Unrelated Cord Blood Transplantation for Acute Leukemia Diagnosed in the First Year of Life: Outcomes and Risk Factor Analysis

Annalisa Ruggeri, Fernanda Volt, Franco Locatelli, Gerard Michel, Cristina Diaz de Heredia, Manuel Abecasis, Marco Zecca, Ajay Vora, Karima Yakouben, Tracey A. O'Brien, Stefano Giardino, Jacqueline Cornish, Vanderson Rocha, Christina Peters, Peter Bader, Eliane Gluckman, Jean Hugues Dalle

Research output: Contribution to journalArticlepeer-review


Infant acute leukemia still has a poor prognosis, and allogeneic hematopoietic stem cell transplantation is indicated in selected patients. Umbilical cord blood (UCB) is an attractive cell source for this population because of the low risk of chronic graft-versus-host disease (GVHD), the strong graft-versus-leukemia effect, and prompt donor availability. This retrospective, registry-based study reported UCB transplantation (UCBT) outcomes in 252 children with acute lymphoblastic leukemia (ALL; n = 157) or acute myelogenous leukemia (AML; n = 95) diagnosed before 1 year of age who received a single-unit UCBT after myeloablative conditioning between 1996 and 2012 in European Society for Blood and Marrow Transplantation centers. Median age at UCBT was 1.1 years, and median follow-up was 42 months. Most patients (57%) received a graft with 1 HLA disparity and were transplanted in first complete remission (CR; 55%). Cumulative incidence function (CIF) of day 100 acute GVHD (grades II to IV) was 40% ± 3% and of 4-year chronic GVHD was 13% ± 2%. CIF of 1-year transplant-related mortality was 23% ± 3% and of 4-year relapse was 27% ± 3%. Leukemia-free-survival (LFS) at 4 years was 50% ± 3%; it was 40% and 66% for those transplanted for ALL and AML, respectively (P = .001). LFS was better for patients transplanted in first CR, regardless of diagnosis. In multivariate model, diagnosis of ALL (P = .001), advanced disease status at UCBT (<.001), age at diagnosis younger than 3 months (P = .012), and date of transplant before 2004 were independently associated with worse LFS. UCBT is a suitable option for patients diagnosed with infant acute leukemia who achieve CR. In this cohort, patients with AML had better survival than those with ALL.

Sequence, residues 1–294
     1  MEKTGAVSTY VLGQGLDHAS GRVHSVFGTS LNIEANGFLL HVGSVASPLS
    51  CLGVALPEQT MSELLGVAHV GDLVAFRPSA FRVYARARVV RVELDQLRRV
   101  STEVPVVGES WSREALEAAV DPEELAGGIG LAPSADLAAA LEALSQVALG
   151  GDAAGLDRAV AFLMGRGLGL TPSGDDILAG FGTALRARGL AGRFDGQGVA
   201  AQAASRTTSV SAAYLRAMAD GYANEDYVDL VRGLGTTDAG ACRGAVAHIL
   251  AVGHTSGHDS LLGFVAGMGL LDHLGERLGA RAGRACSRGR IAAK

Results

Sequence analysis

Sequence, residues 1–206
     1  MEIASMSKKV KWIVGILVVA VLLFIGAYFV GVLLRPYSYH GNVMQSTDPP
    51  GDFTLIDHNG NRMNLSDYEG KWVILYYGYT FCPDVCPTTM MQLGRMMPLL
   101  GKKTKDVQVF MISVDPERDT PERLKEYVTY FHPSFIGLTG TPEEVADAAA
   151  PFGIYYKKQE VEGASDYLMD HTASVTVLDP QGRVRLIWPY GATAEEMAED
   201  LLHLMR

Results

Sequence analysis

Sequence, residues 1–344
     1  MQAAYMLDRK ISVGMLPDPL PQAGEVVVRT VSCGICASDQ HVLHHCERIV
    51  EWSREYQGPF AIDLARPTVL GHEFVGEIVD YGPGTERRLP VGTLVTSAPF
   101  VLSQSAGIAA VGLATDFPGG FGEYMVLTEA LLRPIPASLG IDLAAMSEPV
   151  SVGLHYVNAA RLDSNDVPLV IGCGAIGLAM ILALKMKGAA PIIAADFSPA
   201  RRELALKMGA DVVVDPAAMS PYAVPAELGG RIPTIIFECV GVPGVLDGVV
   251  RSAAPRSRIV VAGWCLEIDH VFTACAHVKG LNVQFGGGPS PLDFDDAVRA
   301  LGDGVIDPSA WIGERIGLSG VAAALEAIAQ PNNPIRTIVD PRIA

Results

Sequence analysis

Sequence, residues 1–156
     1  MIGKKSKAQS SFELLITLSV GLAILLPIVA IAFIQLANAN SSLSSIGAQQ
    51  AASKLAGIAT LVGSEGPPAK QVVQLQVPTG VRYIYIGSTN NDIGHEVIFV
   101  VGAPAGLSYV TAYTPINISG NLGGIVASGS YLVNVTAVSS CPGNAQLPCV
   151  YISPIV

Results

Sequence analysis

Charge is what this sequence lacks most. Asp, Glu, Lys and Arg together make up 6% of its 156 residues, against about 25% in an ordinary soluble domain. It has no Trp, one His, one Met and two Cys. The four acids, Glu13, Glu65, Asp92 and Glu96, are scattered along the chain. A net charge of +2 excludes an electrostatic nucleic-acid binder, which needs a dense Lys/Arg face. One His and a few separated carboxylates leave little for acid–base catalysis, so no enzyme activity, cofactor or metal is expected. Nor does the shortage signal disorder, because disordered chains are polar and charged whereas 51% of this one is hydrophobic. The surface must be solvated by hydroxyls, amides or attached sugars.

Original languageEnglish
Pages (from-to)96-102
Number of pages7
JournalBiology of Blood and Marrow Transplantation
Issue number1
Publication statusPublished - Oct 21 2016


  • Acute leukemia
  • Cord blood transplantation
  • Infant
  • MLL-rearranged leukemia

ASJC Scopus subject areas

  • Hematology
  • Transplantation


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